American pop culture has come a long way in the last few decades: from the rock 'n’ roll boom of the fifties, to the hippie aesthetic of the seventies, to the electronic age of the nineties. Pop culture clearly fluctuates at a rapid pace and even though fads have come and gone, one thing has remained viable even in more contemporary times: the TV set. On top of that, never has the world seen a greater peak in technology than it has in recent years, and the television is no exception. Unfortunately, as fascinating as these advancements may sound, it is generally presumed that the television—as with much modern pop culture tech—has had and continues to have detrimental effects on Western culture. Given that the TV has been a
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In fact, by 2006 it was reported that 99% of American households owned at least one TV, with 56% of that figure admitting to paying for cable (Herr). Indeed, very few people would argue against just how far the television has evolved; and in that evolution, the content and quality of televised programming has also changed. Drama TV is only one of the many genres that have experienced this variation, but it just happens to be one of the more popular (MarketingCharts). While contemporary dramas may vary from their “golden age” counterparts, whether or not they are altered to such an extent in where they can actually promote cognitive potency is truly controversial.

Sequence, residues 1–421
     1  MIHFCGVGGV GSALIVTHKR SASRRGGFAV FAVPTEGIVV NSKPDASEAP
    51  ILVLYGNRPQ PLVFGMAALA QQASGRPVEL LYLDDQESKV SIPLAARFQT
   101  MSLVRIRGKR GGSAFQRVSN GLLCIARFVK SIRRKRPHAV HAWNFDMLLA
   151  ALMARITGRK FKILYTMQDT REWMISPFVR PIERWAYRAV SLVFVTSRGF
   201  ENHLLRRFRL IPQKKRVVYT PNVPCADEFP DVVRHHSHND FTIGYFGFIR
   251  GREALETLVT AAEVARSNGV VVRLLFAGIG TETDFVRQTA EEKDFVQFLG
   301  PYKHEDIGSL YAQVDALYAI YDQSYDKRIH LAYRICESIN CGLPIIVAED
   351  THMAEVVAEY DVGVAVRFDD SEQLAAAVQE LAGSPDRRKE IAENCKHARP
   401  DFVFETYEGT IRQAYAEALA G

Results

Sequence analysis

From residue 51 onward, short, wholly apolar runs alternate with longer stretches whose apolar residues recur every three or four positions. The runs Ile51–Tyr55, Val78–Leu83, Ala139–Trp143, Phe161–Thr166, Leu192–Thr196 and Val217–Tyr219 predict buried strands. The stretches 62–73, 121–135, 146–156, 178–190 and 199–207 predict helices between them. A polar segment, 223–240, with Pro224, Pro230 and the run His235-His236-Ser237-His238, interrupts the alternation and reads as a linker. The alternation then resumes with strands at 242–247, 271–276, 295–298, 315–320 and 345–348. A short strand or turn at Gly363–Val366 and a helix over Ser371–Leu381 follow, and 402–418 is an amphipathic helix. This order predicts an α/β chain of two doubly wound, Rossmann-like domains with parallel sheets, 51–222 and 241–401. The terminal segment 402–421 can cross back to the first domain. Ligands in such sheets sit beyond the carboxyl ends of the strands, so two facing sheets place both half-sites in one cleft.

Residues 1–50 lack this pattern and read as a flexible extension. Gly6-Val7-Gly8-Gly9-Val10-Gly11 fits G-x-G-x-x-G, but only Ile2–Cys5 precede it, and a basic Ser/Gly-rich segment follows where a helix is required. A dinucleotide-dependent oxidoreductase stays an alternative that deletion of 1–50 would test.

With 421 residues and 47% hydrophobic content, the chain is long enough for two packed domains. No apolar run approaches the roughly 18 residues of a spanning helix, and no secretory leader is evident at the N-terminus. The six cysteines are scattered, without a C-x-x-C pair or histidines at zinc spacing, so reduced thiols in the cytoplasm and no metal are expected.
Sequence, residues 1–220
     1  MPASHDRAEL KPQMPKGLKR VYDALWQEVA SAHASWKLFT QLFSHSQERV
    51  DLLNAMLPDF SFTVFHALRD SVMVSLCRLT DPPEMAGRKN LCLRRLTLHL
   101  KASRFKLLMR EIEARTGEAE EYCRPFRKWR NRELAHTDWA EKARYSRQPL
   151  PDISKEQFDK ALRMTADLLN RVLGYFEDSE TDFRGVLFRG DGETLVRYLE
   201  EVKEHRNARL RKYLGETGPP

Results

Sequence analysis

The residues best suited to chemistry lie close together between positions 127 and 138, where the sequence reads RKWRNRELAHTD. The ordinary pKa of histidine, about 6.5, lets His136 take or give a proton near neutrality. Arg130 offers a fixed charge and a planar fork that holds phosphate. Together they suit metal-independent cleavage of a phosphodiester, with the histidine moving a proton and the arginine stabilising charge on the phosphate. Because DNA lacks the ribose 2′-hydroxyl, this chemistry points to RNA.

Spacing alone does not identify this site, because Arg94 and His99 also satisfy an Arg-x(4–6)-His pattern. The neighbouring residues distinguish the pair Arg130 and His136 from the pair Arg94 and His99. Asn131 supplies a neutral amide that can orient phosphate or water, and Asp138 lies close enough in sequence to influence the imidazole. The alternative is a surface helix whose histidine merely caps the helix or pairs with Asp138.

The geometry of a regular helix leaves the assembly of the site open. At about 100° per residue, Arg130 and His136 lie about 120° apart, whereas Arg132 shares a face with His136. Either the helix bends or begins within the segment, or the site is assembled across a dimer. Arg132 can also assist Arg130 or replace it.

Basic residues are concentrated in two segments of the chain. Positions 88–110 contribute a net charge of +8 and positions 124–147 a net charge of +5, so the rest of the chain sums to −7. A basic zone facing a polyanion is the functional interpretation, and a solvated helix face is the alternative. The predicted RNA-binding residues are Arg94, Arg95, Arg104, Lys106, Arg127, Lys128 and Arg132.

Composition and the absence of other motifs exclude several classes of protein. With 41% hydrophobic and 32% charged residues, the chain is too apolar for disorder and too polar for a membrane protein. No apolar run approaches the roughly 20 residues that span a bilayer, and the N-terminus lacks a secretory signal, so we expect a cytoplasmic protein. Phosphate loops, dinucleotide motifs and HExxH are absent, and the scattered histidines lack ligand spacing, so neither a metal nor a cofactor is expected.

In his 2005 essay, Watching TV Makes You Smarter, Steven Johnson sides with the minority by arguing that modern television programming can enhance cognitive capabilities. Johnson explains that over the years, television shows—mainly drama TV—has become increasingly more complex and demanding on their audiences’ brain function. As Johnson himself put it: “to keep up with entertainment like 24, you have to pay attention, make inferences, [and track] shifting social relationships” (279). Johnson refers to this as the Sleeper Curve, a theory he believes to be “the single most important new force [in altering] the mental development of young people today . . . enhancing our cognitive faculties, not dumbing them